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Milk-alkali syndrome

Definition

Milk-alkali syndrome is an acquired condition in which there are high levels of calcium (hypercalcemia) and a shift in the body's acid/base balance towards alkaline (metabolic alkalosis).

Causes

Milk-alkali syndrome is caused by excessive consumption of milk (which is high in calcium) and certain antacids, especially calcium carbonate or sodium bicarbonate (baking soda), over a long period of time.

Calcium deposits in the kidneys and other tissues can occur in milk-alkali syndrome. Consumption of vitamin D, which is often added to milk bought at the supermarket, can worsen this condition.

In the past, milk-alkali syndrome was often a side effect of treating peptic ulcer disease. It is rarely seen today, because newer, better medications are available for treating ulcers.

Symptoms

The condition often has no symptoms (asymptomatic). When symptoms do occur, they are often related to complications, such as kidney problems.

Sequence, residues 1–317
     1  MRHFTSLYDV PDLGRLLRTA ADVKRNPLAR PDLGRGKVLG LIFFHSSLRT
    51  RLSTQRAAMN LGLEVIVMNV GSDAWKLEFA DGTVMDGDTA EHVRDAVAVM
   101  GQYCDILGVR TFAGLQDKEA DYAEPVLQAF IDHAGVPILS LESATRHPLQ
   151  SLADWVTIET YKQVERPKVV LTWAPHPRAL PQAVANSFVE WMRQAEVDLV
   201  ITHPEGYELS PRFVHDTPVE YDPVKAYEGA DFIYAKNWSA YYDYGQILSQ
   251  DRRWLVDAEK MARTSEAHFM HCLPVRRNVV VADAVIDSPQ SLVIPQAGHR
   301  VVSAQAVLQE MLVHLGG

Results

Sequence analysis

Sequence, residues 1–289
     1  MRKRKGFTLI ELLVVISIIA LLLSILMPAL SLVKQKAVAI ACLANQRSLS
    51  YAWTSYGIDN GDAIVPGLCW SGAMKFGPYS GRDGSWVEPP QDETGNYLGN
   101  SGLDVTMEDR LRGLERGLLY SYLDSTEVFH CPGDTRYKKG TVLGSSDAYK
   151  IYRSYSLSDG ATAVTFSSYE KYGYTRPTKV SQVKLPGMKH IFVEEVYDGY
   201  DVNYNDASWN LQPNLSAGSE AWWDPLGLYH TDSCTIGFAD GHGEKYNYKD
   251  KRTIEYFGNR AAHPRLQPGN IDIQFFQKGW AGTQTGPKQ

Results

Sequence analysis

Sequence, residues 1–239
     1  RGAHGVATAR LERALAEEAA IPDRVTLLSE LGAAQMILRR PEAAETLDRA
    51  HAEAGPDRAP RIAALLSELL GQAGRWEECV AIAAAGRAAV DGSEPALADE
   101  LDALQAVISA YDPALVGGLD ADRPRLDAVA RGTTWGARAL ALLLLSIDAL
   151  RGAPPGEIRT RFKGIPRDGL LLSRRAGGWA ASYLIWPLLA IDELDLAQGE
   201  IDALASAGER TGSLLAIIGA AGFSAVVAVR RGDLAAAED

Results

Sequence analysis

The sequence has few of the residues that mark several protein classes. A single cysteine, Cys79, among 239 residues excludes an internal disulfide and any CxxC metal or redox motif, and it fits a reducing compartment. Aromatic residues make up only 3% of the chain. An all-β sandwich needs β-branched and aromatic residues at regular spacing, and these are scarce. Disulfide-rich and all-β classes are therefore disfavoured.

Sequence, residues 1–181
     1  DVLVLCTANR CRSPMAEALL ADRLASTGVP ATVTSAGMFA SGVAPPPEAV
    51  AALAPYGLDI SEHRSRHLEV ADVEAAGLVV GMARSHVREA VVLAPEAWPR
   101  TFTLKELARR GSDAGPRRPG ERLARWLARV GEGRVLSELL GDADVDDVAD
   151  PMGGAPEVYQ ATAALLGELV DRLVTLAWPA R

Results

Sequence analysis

Symptoms include:

  • Back and loin pain (related to kidney stones)
  • Excessive urination
  • Other problems that can result from kidney failure

Exams and Tests

Calcium deposits within the tissue of the kidney (nephrocalcinosis) may be seen on:

  • X-rays
  • Computed tomography (CT scans)
  • Ultrasound

Other tests used to make a diagnosis:

Treatment

Treatment involves reducing or eliminating milk and antacids. If severe kidney failure has occurred, the damage may be irreparable.

Outlook (Prognosis)

This condition is often reversible if kidney function remains normal. Severe prolonged cases may lead to permanent kidney failure requiring dialysis.

Possible Complications

The most common complications include:

  • Calcium deposits in tissues (calcinosis)
  • Kidney failure
  • Kidney stones

When to Contact a Medical Professional

Contact your health care provider if:

  • You drink large amounts of milk and you often use antacids.
  • You have any symptoms that might suggest kidney problems.

Prevention

Milk-alkali syndrome is now very uncommon because non-antacid treatments for indigestion, gastric ulcers, and peptic ulcer disease have replaced most excessive antacid use.

If you do use antacids often, don't drink large amounts of milk, and tell your doctor about your digestive problems.


Provided by adam.com

Review Date: 11/12/2007
Reviewed By: Charles Silberberg, D.O., Private Practice specializing in Nephrology, Affiliated with NY Medical College, Division of Nephrology, Valhalla, NY. Review provided by VeriMed Healthcare Network.
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